Thursday, August 30, 2012

Employers United


Now that the Supreme Court has definitely resolved the constitutionality of the Patient Protection and Affordable Care Act (ACA), in NFIB v. Sebelius, significant implementation challenges remain.  Along with the individual mandate and Medicaid expansion, on which the Court ruled, employer-based health insurance is critical to the goal of near-universal coverage.  Close to half of all Americans receive their health insurance from an employer.  But it is no small secret that employers maintain serious concerns about their ability to bear the ever-increasing cost of offering health care benefits, even before the ACA’s new burdens.

A recently posted study, Employers United: An Empirical Analysis of Corporate Political Speech in The Wake of the Affordable Care Act, by an interdisciplinary team of researchers offers novel insights on the intersection of health care reform, securities regulation, corporate finance, and the First Amendment.  This study dissects one novel corporate speech venue – namely, Securities and Exchange Commission (SEC) disclosure statements – which employers used immediately after the ACA’s enactment to prominently announce significant new costs imposed by the law.  The Obama Administration quickly chastised these companies for filing “improper” SEC disclosures and unnecessarily alarming the public.  To test the allegation that the disclosures were politically motivated, we conducted an in-depth, empirical study of all relevant SEC filings for the quarter following the ACA’s enactment.  Our study reveals that, contrary to the Administration’s initial suggestion, the disclosures were not only proper but, in most cases, required.  Any political statements were by the politicians, not the regulated firms.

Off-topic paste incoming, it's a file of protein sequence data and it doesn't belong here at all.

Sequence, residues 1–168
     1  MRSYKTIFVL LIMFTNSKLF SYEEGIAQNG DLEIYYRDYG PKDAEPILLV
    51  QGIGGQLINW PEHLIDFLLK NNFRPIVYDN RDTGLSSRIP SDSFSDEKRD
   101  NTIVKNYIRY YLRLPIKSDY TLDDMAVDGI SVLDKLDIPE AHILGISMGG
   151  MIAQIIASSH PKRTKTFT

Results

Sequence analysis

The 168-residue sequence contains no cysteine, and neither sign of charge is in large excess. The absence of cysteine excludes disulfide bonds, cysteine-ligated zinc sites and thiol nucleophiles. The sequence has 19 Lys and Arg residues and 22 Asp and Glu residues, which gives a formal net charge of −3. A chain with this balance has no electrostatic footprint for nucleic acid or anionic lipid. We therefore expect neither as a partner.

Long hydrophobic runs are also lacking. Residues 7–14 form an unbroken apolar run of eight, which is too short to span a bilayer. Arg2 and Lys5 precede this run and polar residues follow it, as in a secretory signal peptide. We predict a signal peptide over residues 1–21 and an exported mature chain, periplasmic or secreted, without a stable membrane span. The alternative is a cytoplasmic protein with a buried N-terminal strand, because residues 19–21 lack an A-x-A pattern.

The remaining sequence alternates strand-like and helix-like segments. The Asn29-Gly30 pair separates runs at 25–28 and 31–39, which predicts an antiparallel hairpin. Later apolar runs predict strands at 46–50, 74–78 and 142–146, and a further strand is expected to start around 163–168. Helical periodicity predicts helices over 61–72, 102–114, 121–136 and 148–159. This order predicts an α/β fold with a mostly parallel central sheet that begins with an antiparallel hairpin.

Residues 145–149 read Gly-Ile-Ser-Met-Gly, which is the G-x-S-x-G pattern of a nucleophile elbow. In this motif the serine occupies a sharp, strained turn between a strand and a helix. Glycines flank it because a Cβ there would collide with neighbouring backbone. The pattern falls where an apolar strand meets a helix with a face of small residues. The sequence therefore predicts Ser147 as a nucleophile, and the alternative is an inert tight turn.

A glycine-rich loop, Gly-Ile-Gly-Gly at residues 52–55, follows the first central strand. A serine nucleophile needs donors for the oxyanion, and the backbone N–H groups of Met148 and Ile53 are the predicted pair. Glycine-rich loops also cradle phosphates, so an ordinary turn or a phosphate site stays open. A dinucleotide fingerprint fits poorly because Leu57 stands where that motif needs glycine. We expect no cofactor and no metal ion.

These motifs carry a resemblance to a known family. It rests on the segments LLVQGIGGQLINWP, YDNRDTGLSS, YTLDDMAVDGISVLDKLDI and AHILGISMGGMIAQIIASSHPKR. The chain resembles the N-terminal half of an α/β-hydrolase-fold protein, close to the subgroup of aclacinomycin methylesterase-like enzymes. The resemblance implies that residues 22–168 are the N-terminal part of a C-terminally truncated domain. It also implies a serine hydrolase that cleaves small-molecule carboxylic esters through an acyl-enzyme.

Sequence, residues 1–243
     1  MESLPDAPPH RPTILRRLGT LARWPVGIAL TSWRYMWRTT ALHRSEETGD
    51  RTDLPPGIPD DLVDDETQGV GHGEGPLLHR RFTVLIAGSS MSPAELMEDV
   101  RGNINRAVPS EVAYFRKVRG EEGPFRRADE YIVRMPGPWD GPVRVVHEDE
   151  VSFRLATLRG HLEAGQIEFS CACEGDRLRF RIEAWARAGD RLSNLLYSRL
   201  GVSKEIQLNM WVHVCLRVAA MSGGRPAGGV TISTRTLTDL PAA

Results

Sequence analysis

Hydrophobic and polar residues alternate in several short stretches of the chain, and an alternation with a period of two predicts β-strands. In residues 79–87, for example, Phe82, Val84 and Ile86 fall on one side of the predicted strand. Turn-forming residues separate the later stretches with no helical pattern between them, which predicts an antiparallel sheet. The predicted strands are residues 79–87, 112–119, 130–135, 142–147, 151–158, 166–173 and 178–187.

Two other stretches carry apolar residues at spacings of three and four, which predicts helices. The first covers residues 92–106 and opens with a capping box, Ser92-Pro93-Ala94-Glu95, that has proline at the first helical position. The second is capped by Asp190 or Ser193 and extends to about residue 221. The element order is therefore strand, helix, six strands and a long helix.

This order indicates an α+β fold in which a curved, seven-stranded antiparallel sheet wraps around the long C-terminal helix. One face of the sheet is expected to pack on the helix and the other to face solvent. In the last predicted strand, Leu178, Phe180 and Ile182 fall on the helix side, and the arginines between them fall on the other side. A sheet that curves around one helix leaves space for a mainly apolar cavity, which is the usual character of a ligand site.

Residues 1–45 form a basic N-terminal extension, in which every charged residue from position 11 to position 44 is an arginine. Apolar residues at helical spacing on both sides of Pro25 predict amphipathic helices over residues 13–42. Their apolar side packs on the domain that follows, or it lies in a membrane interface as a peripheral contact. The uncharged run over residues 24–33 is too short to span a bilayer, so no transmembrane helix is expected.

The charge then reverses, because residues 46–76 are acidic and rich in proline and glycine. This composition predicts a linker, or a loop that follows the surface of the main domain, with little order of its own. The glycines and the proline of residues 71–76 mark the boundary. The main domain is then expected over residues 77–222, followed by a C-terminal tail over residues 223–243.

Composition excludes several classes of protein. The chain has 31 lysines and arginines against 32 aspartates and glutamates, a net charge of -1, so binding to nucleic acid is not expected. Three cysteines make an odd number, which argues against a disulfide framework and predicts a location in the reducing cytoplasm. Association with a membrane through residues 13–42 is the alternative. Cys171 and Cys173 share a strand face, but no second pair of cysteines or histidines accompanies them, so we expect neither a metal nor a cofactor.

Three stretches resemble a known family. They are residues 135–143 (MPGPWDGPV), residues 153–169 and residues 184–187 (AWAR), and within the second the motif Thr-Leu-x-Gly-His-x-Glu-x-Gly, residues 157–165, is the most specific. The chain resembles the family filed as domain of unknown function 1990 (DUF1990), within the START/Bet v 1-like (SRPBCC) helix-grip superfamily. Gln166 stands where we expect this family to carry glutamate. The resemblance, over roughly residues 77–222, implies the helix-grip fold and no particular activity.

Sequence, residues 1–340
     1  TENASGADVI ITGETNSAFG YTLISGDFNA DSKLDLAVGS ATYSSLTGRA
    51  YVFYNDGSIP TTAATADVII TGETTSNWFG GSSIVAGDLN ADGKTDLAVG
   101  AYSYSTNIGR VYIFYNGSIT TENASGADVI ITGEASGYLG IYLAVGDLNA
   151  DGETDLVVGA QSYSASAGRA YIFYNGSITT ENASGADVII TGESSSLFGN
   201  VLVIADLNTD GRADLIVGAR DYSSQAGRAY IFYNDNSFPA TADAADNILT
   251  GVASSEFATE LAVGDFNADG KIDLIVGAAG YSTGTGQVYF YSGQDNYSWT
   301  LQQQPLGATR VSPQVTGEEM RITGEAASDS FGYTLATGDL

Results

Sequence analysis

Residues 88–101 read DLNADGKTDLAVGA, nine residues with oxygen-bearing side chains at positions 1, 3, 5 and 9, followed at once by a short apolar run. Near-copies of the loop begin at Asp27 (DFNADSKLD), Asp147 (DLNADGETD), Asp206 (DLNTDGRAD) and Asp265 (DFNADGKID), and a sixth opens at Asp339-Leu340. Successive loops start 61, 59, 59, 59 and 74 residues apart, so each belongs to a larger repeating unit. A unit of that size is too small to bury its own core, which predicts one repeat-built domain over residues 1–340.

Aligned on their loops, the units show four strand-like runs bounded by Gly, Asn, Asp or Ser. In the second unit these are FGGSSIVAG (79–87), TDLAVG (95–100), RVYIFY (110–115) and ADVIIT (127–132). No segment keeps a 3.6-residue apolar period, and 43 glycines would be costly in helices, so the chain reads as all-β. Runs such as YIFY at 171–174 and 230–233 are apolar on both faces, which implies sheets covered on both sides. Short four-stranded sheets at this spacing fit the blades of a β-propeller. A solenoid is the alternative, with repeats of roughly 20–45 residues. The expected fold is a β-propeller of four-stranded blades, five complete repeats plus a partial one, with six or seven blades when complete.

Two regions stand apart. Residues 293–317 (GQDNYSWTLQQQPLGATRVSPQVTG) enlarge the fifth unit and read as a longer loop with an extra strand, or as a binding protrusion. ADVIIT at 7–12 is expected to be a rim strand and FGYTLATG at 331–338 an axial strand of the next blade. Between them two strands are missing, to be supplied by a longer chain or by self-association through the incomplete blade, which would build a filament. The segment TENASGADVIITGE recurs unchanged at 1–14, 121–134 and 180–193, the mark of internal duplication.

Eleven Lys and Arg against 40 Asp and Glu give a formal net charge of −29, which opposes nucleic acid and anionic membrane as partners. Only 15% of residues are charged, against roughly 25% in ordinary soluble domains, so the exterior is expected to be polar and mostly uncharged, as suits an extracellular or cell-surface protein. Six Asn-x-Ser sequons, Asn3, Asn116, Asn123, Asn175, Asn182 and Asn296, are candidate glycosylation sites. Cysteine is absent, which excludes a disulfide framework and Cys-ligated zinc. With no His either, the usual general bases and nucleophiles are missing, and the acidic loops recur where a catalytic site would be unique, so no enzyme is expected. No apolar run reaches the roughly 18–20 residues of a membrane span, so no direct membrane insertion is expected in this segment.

Combining our expertise in health care law, accounting, finance, and taxation we offer a comprehensive, unique analysis of these issues.  I am riding on the coattails of my co-authors, whose previous empirical study measuring corporate lobbying expenditures was widely publicized and cited by the Associated Press, The Atlantic, National Public Radio, Barron’s, MSNBC, The Washington Times, among other media and scholarly sources.

1 Comments:

Blogger Jim Chen said...

Nicely done, Elizabeth! Congratulations to you and your coauthors. You've provided a very nice counterexample to your colleague Lisa Milot's recent paper, Illuminating Innumeracy. Again, well done!

8/31/2012 5:12 PM  

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